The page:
Guantanamo Britons freed
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Guantanamo Britons freed

Evening Standard | January 11, 2005
By Jason Beattie

The four remaining Britons held by the Americans at Guantanamo Bay today won their freedom.

Foreign Secretary Jack Straw told the Commons that the men, who include three Londoners, should be flown home to Britain within weeks.

The move ends a three-year ordeal for the men, who had been detained without-trial at the high-security Cuban prison camp. They will be handed over to the Metropolitan Police and are expected to be held for up to 48 hours at Paddington Green police station for questioning under the Anti-Terrorism, Crime and Security Act.

The release of the four - Feroz Abbasi, 24, from Croydon, Martin Mubanga, 30, from Wembley, Richard Belmar, 25, from St John's Wood, and Moazzam Begg, 36, from Birmingham - ends an embarrassing diplomatic row between Britain and America.

The surprise breakthrough was announced by Foreign Secretary Jack Straw in the Commons this afternoon. It follows months of negotiations as Britain tried to address US concerns about the release conditions.

Downing Street said the families were being told of the development. "There is a very strict process for this. The families have to be informed first and that is getting under way," said Tony Blair's spokesman.

Belmar's father Joseph, 53, said from his home in Marylebone this afternoon: "We have only heard it on the news today. If it is true, it is a bit of a relief. We have not received any news from the Foreign Office yet."

The four Britons were among 500 suspected terrorists detained as part of the US-led "war on terror".

But the Americans have been widely condemned for incarcerating the four without trial. Pressure to release them mounted after Begg claimed he had been tortured while listening to the "terrifying screams" of other inmates.

Another three Britons, Rhuhel Ahmed, Asif Iqbal and Shafiq Rasul, who were released last March, also claimed in a 115-page dossier they had been tortured and mistreated at the American prison camp.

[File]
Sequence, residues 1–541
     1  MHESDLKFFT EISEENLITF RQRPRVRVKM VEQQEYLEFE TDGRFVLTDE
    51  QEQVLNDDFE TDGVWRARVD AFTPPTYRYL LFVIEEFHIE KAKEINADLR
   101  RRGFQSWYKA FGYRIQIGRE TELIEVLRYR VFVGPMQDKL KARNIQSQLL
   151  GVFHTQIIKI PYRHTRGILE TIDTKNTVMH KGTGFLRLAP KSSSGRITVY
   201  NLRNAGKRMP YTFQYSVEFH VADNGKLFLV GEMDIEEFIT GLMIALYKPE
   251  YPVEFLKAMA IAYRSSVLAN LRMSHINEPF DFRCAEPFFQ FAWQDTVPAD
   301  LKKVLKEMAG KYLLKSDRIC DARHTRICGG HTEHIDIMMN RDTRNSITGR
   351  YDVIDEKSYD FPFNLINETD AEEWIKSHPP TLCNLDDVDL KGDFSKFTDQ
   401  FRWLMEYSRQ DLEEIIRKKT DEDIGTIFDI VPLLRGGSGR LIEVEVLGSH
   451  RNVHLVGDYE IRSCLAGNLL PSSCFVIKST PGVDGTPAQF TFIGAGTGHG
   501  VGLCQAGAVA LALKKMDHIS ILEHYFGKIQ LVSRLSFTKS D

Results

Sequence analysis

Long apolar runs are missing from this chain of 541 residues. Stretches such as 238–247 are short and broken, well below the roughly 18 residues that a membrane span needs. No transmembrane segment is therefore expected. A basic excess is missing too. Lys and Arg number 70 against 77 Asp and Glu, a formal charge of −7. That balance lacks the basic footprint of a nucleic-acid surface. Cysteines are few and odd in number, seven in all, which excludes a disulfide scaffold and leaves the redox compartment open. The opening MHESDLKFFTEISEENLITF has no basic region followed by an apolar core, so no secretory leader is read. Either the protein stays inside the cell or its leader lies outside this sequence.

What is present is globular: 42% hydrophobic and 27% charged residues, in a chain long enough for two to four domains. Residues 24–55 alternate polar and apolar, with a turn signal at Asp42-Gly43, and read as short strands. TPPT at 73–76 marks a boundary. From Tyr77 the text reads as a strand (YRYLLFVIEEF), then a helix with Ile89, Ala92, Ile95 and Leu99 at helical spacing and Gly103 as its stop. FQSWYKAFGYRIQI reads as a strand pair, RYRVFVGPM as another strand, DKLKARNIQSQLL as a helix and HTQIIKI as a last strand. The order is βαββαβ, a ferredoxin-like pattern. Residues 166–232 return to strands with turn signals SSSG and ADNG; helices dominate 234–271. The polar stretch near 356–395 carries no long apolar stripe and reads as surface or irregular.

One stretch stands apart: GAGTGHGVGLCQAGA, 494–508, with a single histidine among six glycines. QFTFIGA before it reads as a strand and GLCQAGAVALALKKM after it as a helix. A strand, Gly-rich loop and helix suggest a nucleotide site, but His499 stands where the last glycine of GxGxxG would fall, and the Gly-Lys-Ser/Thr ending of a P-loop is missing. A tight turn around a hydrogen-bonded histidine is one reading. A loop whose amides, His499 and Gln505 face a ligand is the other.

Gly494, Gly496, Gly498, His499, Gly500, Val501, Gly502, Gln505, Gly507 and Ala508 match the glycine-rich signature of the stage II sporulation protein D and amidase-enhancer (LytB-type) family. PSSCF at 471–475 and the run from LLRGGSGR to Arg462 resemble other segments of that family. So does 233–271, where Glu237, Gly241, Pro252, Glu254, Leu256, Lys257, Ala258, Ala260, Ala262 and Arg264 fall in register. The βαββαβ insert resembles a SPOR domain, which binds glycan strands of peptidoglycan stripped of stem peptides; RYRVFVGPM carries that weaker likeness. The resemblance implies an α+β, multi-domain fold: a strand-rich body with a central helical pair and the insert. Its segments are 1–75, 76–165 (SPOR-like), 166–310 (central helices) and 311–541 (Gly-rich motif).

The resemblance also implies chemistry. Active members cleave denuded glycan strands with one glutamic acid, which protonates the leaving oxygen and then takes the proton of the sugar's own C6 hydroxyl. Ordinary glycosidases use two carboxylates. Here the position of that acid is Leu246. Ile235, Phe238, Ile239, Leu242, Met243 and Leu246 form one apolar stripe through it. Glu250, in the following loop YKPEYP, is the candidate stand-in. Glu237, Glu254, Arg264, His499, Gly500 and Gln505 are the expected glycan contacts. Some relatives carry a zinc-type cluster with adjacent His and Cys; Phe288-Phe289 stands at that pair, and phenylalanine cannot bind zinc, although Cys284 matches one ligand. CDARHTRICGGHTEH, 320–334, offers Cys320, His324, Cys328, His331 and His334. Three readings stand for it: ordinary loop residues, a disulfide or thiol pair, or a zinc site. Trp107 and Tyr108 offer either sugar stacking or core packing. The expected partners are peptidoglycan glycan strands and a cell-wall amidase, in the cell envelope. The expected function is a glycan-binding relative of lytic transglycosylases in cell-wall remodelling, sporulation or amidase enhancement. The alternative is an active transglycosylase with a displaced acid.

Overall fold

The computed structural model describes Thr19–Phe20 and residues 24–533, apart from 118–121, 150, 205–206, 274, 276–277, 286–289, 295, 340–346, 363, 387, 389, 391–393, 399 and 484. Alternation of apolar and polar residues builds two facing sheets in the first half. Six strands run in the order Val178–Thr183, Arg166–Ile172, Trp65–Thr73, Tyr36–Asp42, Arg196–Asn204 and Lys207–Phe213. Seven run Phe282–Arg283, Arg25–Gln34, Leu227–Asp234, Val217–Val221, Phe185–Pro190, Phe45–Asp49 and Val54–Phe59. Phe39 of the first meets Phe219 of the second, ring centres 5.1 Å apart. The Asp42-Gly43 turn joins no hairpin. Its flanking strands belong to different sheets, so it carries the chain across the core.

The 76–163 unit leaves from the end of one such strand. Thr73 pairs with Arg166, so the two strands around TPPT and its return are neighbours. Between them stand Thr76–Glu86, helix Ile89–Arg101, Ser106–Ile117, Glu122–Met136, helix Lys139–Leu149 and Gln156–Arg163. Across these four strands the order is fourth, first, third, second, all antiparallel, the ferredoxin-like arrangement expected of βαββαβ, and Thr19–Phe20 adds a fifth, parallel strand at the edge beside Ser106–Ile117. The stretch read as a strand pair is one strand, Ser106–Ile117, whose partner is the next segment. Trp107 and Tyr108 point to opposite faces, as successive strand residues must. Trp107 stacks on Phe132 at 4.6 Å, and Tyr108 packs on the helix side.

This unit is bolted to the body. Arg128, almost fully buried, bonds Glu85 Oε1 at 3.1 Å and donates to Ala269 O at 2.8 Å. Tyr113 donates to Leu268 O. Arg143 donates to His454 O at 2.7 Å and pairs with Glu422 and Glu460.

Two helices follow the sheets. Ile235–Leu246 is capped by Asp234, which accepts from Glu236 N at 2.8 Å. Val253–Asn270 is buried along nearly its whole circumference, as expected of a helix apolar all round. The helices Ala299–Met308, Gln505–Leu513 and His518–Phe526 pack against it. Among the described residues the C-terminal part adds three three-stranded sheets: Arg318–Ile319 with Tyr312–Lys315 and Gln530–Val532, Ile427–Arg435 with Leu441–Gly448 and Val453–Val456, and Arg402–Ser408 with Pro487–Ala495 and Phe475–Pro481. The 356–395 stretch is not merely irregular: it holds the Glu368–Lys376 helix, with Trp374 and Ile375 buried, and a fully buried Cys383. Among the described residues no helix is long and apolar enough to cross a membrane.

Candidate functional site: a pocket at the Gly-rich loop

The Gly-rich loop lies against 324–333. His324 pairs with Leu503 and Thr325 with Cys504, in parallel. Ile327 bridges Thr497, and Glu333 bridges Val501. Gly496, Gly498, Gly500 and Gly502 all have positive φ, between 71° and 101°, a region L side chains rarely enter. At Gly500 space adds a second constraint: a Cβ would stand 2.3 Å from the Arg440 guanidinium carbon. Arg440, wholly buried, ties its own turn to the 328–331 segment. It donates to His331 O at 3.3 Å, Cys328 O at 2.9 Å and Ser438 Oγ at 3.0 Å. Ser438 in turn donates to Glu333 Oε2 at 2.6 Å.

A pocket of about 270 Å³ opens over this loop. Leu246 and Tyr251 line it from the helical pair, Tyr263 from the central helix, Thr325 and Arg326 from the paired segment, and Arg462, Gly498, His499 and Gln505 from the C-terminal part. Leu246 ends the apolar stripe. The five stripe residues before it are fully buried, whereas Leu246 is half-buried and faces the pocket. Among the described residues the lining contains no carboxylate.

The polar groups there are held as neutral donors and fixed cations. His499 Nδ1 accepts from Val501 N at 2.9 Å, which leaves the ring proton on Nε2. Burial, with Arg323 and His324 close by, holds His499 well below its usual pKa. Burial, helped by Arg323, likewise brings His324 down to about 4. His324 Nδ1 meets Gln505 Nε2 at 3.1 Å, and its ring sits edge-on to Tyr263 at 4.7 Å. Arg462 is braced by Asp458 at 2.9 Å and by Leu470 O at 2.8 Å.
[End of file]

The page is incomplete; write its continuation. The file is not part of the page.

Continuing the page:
Britain had publicly criticised the men's detention. Protests were led by Attorney-General Lord Goldsmith, who said US plans for military tribunals at Guantanamo Bay did not meet " international standards". Mr Blair also made personal representations to President George Bush.

But the White House refused to release the detainees unless Britain could guarantee they would not pose a security threat.

A Foreign Office source said: "We have always said they should be tried or returned home."

Begg's father Azmat had said he feared for his son's emotional wellbeing.

He said he would expect his son to be released without trial if he had done nothing wrong, like previously released detainees.

But he added: "If they have got any evidence against him, of course he should be tried in a court of law like any other person."

Mr Begg said he feared that his son's mental and physical condition had deteriorated-because Moazzam had told him he was not allowed to walk in his cell or take any exercise, and had spent time in solitary confinement.

Lord Goldsmith said released detainees would be treated in the same way as the Britons freed last year. They would be questioned and if police considered there was no material on which to proceed, they would be released.

Ken Livingstone today said Londoners had no reason to worry about the three local men being back in the capital.

Asked if they presented a threat, the Mayor said: "I very much doubt it." He said he hoped the prisoners would go on to sue the US authorities for years of "detention and abuse".

He said: "I hope one day President Bush and those who authorised this use of low-level torture will face prosecution themselves."

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911:  The Road to Tyranny